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Focusing on Desirability: The Effect of Decision Interruption and Suspension on Preferences

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  • Wendy Liu
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    Abstract

    This research examines the phenomenon of interruptions and suspensions in decision making. It is proposed that information processing may change from a bottom-up, data-driven to a top-down, goal-directed mode after an interruption, thereby affecting preferences. In particular, in decisions involving desirability and feasibility conflicts, because desirability is a superordinate goal to feasibility, four studies found that when a decision is interrupted and later resumed, people become more likely to favor highly desirable but less feasible consumption, such as a high-risk, high-reward option or a high-quality, high-price option. A reduced focus on feasibility is found to underlie this effect. (c) 2008 by JOURNAL OF CONSUMER RESEARCH, Inc..

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    Bibliographic Info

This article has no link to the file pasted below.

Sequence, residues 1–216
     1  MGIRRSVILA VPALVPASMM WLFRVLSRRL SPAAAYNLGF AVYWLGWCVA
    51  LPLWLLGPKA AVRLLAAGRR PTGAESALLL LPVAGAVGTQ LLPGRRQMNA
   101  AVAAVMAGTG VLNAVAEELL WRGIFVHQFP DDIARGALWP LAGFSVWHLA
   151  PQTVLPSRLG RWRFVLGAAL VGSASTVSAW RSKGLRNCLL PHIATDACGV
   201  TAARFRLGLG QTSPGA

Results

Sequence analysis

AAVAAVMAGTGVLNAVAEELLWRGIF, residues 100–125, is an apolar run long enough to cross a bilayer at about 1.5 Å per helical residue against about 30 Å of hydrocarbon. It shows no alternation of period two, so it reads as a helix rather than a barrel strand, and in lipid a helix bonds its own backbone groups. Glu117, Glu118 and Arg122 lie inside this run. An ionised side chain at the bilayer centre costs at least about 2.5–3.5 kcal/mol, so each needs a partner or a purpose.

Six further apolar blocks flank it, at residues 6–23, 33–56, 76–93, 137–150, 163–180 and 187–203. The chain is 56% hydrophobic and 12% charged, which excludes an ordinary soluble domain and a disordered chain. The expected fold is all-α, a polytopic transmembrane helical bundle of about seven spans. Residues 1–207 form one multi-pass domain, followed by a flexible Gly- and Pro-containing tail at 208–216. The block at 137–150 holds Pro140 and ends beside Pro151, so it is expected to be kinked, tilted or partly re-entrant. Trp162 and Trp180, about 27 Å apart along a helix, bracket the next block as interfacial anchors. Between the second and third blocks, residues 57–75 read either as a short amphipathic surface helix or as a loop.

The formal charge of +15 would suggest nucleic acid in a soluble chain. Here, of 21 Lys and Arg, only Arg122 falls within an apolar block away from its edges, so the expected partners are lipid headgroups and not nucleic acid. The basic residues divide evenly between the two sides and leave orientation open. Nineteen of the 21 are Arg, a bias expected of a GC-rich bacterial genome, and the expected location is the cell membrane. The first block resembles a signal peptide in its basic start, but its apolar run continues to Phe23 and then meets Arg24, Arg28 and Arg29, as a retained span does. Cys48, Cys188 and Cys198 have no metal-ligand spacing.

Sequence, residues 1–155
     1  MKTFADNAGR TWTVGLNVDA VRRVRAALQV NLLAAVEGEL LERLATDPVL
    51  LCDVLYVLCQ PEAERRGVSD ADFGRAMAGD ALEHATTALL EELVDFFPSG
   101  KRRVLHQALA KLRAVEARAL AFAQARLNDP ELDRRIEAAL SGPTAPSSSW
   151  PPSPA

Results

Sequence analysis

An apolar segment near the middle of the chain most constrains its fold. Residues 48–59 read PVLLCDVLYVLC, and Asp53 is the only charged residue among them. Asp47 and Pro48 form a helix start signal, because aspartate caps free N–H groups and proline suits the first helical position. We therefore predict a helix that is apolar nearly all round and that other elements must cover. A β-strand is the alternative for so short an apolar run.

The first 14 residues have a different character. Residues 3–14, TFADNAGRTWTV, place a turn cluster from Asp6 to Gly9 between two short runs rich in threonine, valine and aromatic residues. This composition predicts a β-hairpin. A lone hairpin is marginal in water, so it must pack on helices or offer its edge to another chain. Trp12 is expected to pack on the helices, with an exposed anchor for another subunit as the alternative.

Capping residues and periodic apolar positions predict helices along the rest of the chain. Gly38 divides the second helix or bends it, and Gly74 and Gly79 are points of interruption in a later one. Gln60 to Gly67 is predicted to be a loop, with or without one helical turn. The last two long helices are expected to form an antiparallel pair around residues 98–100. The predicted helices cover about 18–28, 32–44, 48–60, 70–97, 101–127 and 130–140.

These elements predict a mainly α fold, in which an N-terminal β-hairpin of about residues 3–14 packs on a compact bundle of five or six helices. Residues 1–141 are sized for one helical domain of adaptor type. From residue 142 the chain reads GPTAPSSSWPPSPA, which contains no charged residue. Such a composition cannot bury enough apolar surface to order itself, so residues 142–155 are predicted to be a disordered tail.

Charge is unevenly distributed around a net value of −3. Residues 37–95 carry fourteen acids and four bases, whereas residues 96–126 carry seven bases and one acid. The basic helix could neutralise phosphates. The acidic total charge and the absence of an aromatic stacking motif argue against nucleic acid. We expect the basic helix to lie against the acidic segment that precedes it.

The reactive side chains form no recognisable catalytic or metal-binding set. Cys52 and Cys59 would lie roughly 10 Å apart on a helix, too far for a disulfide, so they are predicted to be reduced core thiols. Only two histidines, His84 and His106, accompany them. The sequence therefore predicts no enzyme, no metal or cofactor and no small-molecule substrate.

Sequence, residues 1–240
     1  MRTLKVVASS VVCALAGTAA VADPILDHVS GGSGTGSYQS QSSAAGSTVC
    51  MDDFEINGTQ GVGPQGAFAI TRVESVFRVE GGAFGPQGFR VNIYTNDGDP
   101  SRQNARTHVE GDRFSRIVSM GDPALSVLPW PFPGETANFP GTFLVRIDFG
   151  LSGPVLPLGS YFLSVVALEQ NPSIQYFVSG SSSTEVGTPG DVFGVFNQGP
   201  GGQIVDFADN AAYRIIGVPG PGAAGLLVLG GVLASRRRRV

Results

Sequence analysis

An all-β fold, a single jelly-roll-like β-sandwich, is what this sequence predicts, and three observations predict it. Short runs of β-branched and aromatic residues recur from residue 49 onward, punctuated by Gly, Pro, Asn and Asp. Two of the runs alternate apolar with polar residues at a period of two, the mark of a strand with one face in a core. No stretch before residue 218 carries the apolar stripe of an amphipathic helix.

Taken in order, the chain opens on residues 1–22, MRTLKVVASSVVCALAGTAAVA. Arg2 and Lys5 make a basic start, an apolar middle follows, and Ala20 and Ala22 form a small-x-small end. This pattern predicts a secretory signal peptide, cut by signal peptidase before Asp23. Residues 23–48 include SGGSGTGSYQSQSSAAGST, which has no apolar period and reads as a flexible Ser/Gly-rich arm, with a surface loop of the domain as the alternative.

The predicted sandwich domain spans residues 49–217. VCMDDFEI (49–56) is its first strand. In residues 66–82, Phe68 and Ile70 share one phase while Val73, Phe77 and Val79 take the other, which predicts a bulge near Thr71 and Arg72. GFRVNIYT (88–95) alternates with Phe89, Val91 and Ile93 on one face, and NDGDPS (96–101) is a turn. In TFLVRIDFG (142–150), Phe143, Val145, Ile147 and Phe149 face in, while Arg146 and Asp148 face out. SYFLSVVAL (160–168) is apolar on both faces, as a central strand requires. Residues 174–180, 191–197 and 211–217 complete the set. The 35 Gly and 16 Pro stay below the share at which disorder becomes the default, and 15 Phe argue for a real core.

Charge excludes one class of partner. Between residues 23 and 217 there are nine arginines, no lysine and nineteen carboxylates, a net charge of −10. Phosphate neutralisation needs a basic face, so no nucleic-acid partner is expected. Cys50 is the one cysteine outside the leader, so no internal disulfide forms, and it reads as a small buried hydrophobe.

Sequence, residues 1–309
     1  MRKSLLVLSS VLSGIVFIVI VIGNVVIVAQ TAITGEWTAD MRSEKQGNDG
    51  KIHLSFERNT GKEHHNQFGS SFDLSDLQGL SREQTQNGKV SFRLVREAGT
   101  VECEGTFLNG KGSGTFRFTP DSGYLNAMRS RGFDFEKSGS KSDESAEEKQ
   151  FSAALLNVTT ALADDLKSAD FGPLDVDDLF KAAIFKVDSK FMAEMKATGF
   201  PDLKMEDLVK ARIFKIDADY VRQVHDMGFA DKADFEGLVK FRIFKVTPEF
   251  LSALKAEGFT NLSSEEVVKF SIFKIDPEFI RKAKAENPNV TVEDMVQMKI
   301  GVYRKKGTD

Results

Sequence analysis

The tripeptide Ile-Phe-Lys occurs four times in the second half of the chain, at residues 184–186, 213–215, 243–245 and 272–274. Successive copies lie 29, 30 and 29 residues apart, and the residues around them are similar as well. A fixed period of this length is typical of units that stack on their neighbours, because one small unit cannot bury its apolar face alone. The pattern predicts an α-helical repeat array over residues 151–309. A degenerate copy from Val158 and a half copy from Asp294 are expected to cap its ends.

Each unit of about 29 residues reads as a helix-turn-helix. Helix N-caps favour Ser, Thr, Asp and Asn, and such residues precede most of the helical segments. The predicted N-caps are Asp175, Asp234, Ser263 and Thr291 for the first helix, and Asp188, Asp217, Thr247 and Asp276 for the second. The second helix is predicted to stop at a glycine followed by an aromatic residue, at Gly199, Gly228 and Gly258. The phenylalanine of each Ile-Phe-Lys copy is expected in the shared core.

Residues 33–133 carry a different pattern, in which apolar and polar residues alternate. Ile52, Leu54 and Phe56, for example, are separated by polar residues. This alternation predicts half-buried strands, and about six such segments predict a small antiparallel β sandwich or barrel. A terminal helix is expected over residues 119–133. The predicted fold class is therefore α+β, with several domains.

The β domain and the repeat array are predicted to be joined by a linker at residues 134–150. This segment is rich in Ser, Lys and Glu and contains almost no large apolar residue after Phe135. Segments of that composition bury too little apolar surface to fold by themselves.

Article provided by University of Chicago Press in its journal Journal of Consumer Research.

    Volume (Year): 35 (2008)
    Issue (Month): 4 (08)
    Pages: 640-652

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    Handle: RePEc:ucp:jconrs:v:35:y:2008:i:4:p:640-652

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    Web page: http://www.journals.uchicago.edu/JCR/

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    Cited by:
    1. Lin, Ying-Ching & Fang, Shiuan-Huei, 2013. "The face value of foreign currency on consumer price perception—The moderating effect of product substitution," Journal of Business Research, Elsevier, vol. 66(6), pages 745-751.
    2. Chang, En-Chung & Lv, Yilin & Chou, Ting-Jui & He, Qingwen & Song, Zhuozhao, 2014. "Now or later: Delay's effects on post-consumption emotions and consumer loyalty," Journal of Business Research, Elsevier, vol. 67(7), pages 1368-1375.

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